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College's dog training program gives students far more than class credit – USA TODAY College

As the spring semester gets underway, some students at The University of North Carolina Wilmington (UNCW) are getting a not-so-average class experience.

As part of a community partnership the university has with non-profit organization, paws4people — whose mission is to “enhance the lives” of current and former service members, inmates, children and students — Assistance training/" title="View more posts about Dog Training here">Dog Training courses will be offered.

Courtesy of paws4people

Courtesy of paws4people

Established in the fall of 2011, the program (ADTP) is a four-course progressive Certificate Program — and now a comprehensive program offered at the university for course credit. The first two courses introduce students to “aspects, roles and functions of assistance dogs in society” while students continue on to “learn stage one training for assistance dogs through hands-on demonstration and practice.”

Students who progress to the upper level courses will take the dogs on everyday errands to incorporate training sessions. All canines part of the program wear a teal vest with UNCW’s logo to differentiate them from other animals in the community.

Courtesy of paws4people

Courtesy of paws4people

“They’re [dogs] part of the academic program on campus and they are being trained to serve someone with a disability and have a bigger purpose,” says Kyria L. Henry, founder and CEO of paws4people.

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Once the public access training is complete, each student and assistant dog undergoes a transition period during their last semester in which students help teach the recipient what the dog has been taught.

“Every client is different in terms of how much practice and oversight they need,” Henry says.

Although the program is under Recreation Therapy, majors from biology to psychology are using this experience to explore their career and participate in a community-service oriented opportunity. Each semester, the classes become more diverse in terms of majors.

Kelsey Pastore, a junior psychology major, has finished the program but continues to volunteer for paws4people. She describes the ADPT as a “turning point” in deciding what she wanted in a career.

“I learned that helping people was what I wanted to do,” she says.

Courtesy of paws4people

Courtesy of paws4people

Pastore hopes to become a school psychologist to help children through the use of an assistance dog after graduation.

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Both students and paws4people staff stress the time commitment and responsibility required for training. Henry describes it as a “lifestyle commitment.”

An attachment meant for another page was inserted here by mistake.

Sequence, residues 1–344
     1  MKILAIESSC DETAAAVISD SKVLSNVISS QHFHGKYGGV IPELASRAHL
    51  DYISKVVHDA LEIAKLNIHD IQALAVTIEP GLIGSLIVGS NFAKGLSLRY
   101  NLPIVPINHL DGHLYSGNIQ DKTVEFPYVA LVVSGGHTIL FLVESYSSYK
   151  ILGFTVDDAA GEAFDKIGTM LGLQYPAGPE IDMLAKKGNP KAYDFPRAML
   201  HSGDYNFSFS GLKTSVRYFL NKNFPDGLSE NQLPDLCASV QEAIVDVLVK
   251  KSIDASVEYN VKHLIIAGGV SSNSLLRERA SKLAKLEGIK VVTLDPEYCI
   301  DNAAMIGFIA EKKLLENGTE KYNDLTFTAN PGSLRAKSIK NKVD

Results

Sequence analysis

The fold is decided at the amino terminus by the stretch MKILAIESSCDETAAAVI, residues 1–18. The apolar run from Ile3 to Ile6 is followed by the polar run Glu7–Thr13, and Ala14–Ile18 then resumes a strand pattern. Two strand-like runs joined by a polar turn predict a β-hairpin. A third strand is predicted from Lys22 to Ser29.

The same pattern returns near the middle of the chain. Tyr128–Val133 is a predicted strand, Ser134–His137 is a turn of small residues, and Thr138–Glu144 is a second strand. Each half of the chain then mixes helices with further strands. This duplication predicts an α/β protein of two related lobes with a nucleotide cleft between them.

Pastore ensured that the service dog training was her priority, while also learning how to manage her time for her other classes.

“I learned how to balance everything really quickly and loved every second of training,” Pastore says.

Since starting the program, Henry most enjoys seeing college-aged students undergoing a selfless experience.

“They love the dog and they’re so invested in it, but they have to give it away to someone who needs it more than them so it’s a very bittersweet, heart wrenching experience,” she says.

Henry has received positive feedback that the course has helped students validate a career move or has made them more attractive in the job market.

Danielle McPhail, executive assistant at paws4people, was in the first class and used the experience to transition her psychology major into a job.

“I tend to work more with our paws4vets clients and it’s more applicable to what I’ve learned with adults with post-traumatic stress and other disorders [in class],” she says.

Other students appreciate the community service aspect the most.

Courtesy of paws4people

Courtesy of paws4people

Ciera Ames, senior biology major, relates the program to the health care aspect of the biology field, but more so enjoys being a part of the organization. Since her program completion she has completed an internship at the paws4people training center.

This semester, the introductory class is full at its 75-person capacity. About half of those students will move forward to the second level course.

“The students are always part of something bigger and to do that during your undergrad is not something that most people get to do,” Henry says.

Kaitlyn Russell is a student at the University of North Carolina Wilmington and is a spring 2015 Collegiate Correspondent.

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